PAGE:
Given  the existence, as uttered forth in the public works of Puncher and Wattmann,  of a  personal God  quaquaquaqua,   with white beard  quaquaquaqua,  outside time, without extension,   who, from the heights of divine apathia,  divine athambia, divine aphasia,  loves us dearly  with some exceptions, for reasons unknown  but time will tell,  and suffers like the divine Miranda  with those who, for reasons unknown but time will tell,  are plunged in torment, plunged in fire,  whose fire flames, if that continues and who can doubt it,  will fire the firmament - that is to say blast hell to heaven so blue still and calm  so calm with a calm, which even though intermittent is better than nothing, but not so fast.   and considering what is more, that as a result of the labors left unfinished,  crowned by the Acacacacademy of Anthropopopometry,  of Essy-in-Possy, of Testew and Cunard,  it is established beyond all doubt - all other doubt than that which clings to the labors of men -  that as a result of the labors unfinished of Testew and Cunard,  it is established as hereinafter - but not so fast for reasons unknown -  that as a result of the public works of Puncher and Wattmann,  it is established beyond all doubt that  in view of the labors of Fartov and Belcher left unfinished for reasons unknown;  of Testew and Cunard left unfinished  it is established what many deny:  that man in Possy of Testew and Cunard, that man in Essy, that man in short, that man in brief   in spite of the strides of alimentation and defecation   wastes and pines, wastes and pines.
and concurrently, simultaneously what is more for reasons unknown in spite of the strides of physical culture, the practice of sports such as tennis football running cycling swimming flying floating riding gliding conating camogie skating tennis of all kinds dying flying, sports of all sorts autumn summer winter winter, tennis of all kinds hockey of all sorts penicillin and succedanea; in a word I resume flying gliding golf over nine and eighteen holes tennis of all sorts;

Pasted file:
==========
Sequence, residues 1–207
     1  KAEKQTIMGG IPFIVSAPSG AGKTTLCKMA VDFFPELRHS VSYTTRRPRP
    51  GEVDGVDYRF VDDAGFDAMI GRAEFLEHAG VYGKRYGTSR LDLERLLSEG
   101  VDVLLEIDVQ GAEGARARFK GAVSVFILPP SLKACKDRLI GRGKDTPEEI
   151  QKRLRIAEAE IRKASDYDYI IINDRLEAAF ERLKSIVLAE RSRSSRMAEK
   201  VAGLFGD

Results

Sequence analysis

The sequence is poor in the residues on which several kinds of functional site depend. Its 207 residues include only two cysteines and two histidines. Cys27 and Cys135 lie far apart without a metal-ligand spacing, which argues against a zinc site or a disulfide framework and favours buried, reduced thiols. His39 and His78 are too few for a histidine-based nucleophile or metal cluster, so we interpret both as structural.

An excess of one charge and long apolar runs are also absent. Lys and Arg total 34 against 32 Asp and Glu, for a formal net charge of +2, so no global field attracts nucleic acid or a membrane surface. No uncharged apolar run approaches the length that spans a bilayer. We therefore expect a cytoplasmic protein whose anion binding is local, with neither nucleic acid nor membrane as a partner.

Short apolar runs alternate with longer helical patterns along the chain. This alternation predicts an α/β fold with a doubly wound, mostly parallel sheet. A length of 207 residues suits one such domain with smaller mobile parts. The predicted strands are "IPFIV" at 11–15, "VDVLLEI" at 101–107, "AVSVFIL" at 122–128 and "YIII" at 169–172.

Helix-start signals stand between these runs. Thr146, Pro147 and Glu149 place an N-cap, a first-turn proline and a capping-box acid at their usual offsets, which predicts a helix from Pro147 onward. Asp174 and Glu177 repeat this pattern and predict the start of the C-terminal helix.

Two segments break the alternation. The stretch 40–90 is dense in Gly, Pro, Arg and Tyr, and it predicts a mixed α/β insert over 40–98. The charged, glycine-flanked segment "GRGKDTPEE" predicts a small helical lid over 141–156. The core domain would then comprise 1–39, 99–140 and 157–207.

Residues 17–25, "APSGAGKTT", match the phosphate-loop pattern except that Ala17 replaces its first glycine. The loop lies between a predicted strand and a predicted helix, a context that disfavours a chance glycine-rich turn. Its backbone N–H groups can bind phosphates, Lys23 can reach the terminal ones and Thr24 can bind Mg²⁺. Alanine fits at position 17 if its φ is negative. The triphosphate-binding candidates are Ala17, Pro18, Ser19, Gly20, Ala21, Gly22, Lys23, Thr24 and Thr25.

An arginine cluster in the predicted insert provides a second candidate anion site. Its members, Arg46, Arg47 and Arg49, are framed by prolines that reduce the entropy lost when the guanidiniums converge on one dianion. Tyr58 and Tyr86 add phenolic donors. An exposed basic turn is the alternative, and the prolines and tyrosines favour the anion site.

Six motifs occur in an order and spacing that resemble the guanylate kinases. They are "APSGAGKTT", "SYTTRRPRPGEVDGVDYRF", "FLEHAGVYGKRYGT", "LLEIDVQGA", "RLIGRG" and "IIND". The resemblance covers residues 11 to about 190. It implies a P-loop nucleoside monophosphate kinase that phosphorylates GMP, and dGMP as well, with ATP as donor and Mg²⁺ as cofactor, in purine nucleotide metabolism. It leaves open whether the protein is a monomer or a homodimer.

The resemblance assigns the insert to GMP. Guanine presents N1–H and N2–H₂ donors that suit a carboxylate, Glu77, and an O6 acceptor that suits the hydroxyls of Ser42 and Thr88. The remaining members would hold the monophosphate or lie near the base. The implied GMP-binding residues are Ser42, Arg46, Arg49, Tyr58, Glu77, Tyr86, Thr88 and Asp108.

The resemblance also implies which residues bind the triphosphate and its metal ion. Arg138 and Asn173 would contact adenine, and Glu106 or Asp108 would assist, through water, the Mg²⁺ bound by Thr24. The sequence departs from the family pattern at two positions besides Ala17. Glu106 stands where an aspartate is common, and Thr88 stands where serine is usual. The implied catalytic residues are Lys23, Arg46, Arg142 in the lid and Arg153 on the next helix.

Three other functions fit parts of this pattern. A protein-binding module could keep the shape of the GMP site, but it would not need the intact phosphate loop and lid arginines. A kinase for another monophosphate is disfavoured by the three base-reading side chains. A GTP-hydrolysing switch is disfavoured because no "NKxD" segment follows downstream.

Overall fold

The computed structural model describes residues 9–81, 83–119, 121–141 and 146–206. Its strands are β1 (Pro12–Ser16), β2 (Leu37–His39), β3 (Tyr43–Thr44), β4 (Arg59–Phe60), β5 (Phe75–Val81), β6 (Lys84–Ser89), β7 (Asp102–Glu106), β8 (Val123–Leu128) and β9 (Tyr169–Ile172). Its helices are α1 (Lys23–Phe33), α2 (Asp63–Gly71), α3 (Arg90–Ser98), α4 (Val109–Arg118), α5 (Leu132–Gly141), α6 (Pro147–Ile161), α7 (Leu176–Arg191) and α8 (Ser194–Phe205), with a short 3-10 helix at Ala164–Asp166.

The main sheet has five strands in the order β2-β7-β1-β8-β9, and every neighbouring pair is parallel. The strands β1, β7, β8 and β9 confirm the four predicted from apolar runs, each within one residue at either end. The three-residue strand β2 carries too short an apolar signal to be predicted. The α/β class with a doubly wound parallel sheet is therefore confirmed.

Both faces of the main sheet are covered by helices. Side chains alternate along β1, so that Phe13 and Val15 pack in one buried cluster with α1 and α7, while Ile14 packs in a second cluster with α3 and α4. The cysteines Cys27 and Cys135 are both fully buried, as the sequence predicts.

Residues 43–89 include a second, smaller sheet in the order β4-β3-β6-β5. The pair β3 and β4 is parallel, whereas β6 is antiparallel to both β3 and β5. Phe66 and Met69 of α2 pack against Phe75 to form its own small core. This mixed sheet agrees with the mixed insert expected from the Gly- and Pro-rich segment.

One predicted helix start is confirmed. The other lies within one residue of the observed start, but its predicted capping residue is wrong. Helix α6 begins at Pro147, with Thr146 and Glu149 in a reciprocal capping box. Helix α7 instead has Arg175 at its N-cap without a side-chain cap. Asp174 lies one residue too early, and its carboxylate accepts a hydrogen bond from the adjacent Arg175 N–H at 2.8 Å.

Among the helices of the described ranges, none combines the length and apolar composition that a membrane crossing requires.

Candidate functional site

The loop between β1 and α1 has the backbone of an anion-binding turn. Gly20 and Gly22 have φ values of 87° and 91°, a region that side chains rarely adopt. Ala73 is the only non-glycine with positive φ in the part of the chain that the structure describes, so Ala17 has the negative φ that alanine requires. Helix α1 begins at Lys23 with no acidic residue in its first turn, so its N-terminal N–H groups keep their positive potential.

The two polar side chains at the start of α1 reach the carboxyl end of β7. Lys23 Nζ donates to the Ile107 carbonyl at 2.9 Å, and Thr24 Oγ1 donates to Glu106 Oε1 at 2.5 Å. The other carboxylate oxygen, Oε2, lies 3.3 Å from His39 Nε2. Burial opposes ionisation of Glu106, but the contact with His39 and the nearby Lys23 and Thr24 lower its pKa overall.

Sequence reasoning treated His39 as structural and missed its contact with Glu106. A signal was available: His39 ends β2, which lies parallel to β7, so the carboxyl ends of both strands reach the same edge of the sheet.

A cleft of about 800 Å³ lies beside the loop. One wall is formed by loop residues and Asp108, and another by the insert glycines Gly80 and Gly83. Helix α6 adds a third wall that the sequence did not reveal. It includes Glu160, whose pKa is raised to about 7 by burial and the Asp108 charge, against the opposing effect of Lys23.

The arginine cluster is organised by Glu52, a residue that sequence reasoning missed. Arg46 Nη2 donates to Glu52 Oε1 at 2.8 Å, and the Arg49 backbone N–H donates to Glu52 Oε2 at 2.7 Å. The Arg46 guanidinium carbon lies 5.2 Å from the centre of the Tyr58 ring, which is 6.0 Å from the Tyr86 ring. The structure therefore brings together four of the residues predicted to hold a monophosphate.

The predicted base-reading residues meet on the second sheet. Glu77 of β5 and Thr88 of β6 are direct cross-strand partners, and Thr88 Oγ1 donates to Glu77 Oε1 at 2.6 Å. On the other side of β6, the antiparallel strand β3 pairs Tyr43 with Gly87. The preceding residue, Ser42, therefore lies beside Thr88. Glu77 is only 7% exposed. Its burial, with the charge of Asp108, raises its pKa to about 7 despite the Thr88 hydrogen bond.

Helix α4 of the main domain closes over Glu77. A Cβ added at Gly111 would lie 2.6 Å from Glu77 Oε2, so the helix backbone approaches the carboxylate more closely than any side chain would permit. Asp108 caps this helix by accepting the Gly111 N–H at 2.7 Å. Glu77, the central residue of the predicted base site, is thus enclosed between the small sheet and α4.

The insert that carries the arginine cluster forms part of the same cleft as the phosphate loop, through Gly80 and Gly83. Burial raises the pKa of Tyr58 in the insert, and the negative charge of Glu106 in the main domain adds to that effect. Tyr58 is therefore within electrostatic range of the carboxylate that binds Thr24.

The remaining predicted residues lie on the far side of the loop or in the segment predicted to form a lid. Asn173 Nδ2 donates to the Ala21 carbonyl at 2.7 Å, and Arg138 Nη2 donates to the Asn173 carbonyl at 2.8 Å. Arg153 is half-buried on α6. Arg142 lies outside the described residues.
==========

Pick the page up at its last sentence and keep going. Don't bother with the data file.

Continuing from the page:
in a word for reasons unknown in Feckham Peckham Fulham Clapham, namely concurrently, simultaneously what is more for reasons unknown but time will tell fades away.

I resume - Fulham Clapham, in a word the dead loss per head since the death of Bishop Berkeley being to the tune of one inch four ounce per head, approximately, by and large, more or less, to the nearest decimal good measure, round figures; stark naked in the stockinged feet in Connemara.
in a word for reasons unknown no matter what matter the facts are there; and considering what is more, much more grave that in the light of the labors lost of Steinweg and Peterman, it appears what is more, much more grave that in the light, the light the light of the labors lost of Steinweg and Peterman that in the plains, in the mountains, by the seas, by the rivers, running water, running fire, the air is the same and then the earth, namely the air and then the earth, in the great cold, the great dark, the air and the earth, abode of stones in the great cold alas alas in the year of their Lord six hundred and something, the air, the earth, the sea, the earth abode of stones in the great deeps the great cold on sea on land and in the air I resume - for reasons unknown in spite of the tennis the facts are there but time will tell. I resume – alas, alas, on on, in short, in fine, on on, abode of stones who can doubt it. I resume - but not so fast. I resume - the skull fading fading fading.
And concurrently, simultaneously, what is more for reasons unknown in spite of the tennis, On on, the beard, the flames, the tears, the stones, so blue, so calm, alas alas, On on, the skull the skull the skull the skull in Connemara in spite of the tennis, The labors abandoned, left unfinished, graver still, abode of stones. In a word I resume - alas alas, abandoned, unfinished, the skull the skull in Connemara In spite of the tennis, the skull, alas the stones Cunard . . . Tennis . . . the stones . . .so calm . . .Cunard . . . unfinished . . .